3. All I Have to Do Is Win Clients
Once again, not true. Running a law firm is running a business. You don’t need to just win clients; you need to hold onto your clients too. Client retention is just as important as client acquisition.
At the end of the day, all businesspeople are salespeople on some level. You need to convince potential clients that they should choose your firm to represent them and not your competitor across town. I recommend To Sell is Human by Daniel Pink for any lawyers interested in the art of salesmanship.
Running a business also means coming up with a sensible business strategy set by realistic and time-bound goals, and a budget that accounts for all the expenses (startup costs, living expenses, marketing, etc.) it will take to get your business off the ground.
4. I Can Do It All By Myself!
I thought I could do it all by myself but quickly realized that doing everything was impossible. The most common mistake that first-time business owners make is assuming that they can get it all done on their own – business management and top-level strategy included. This is delusional thinking and is also the reason why most first-time business owners fail.
Delegation is one of the most important skills a business owner can have, but it’s also one of the most difficult to master if leading people and making decisive choices doesn’t come easy to you. You need to know how to delegate tasks that are not your strengths and allocate time to strategizing with your team.
Always remember that you’re not alone. As a law firm CEO, you have the power to build an awesome team where you’re surrounded by people you trust. That can include having business coaches or non-legal business consultants to help fill the gaps in your knowledge.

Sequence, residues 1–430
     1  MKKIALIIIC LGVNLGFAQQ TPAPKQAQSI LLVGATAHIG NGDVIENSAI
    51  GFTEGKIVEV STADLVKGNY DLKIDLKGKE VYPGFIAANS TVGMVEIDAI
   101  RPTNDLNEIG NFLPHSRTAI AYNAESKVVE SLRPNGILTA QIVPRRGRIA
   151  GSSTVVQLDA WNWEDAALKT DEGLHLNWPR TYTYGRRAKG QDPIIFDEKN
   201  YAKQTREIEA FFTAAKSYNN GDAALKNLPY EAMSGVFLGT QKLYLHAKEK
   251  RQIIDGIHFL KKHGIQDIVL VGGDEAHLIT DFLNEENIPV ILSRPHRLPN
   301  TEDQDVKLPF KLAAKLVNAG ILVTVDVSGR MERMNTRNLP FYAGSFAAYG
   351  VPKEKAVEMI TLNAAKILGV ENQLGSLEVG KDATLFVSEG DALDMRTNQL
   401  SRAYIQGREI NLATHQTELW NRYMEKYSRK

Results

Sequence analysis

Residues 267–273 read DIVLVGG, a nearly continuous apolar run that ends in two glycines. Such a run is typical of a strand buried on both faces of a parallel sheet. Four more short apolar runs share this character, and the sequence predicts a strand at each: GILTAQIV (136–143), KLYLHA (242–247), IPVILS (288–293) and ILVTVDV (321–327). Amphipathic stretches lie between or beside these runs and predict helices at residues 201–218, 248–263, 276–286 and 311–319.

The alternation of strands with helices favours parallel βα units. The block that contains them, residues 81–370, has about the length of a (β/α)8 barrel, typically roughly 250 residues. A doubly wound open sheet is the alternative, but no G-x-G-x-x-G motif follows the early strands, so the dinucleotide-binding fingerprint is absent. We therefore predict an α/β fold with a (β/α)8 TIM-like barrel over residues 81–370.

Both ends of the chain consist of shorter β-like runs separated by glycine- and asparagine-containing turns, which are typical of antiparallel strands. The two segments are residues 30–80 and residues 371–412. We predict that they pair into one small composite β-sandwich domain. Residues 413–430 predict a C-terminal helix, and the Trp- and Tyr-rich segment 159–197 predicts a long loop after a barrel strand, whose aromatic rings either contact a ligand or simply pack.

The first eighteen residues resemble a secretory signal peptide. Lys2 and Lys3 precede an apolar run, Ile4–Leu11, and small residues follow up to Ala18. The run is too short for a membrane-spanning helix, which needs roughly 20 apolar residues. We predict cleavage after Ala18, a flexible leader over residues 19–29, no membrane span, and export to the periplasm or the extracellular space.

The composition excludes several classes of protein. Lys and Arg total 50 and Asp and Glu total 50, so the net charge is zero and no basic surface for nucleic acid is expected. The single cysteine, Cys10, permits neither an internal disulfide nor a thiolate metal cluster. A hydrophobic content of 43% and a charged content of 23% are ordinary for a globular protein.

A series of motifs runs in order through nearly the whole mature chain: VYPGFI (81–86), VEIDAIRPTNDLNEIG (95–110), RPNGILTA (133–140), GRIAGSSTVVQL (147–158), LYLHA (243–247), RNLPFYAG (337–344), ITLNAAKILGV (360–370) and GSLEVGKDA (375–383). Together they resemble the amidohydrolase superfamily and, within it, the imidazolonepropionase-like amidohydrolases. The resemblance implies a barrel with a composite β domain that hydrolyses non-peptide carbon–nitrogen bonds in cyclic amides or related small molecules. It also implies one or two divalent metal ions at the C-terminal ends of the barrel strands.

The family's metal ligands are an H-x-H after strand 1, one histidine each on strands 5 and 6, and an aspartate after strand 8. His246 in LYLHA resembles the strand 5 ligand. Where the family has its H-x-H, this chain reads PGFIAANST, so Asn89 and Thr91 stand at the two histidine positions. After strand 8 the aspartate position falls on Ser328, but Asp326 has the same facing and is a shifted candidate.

So, Should You Start a Law Firm?
I would love to say “yes, absolutely!” but my answer is a conditional “yes.”
When you’re a law firm owner, you get to practice in whatever areas of the law you want rather than lock yourself into a narrow niche. You get to live your life with purpose and meaning rather than fulfill someone else’s dream.
It’s common in entrepreneurship circles – as it is in the legal sector – for people to see the end results and want it for themselves but aren’t willing to meet the demands that business ownership makes of them. Running a law firm requires that you make smart choices and have faith in your own abilities.
I fully encourage any competent lawyer to go for it – but only once they have the practical experience to back it up. That doesn’t just mean law experience, but knowledge of the ins and outs of running a law firm like a business.
It’s a long way to the top and the climb is rough, but you can’t beat the view.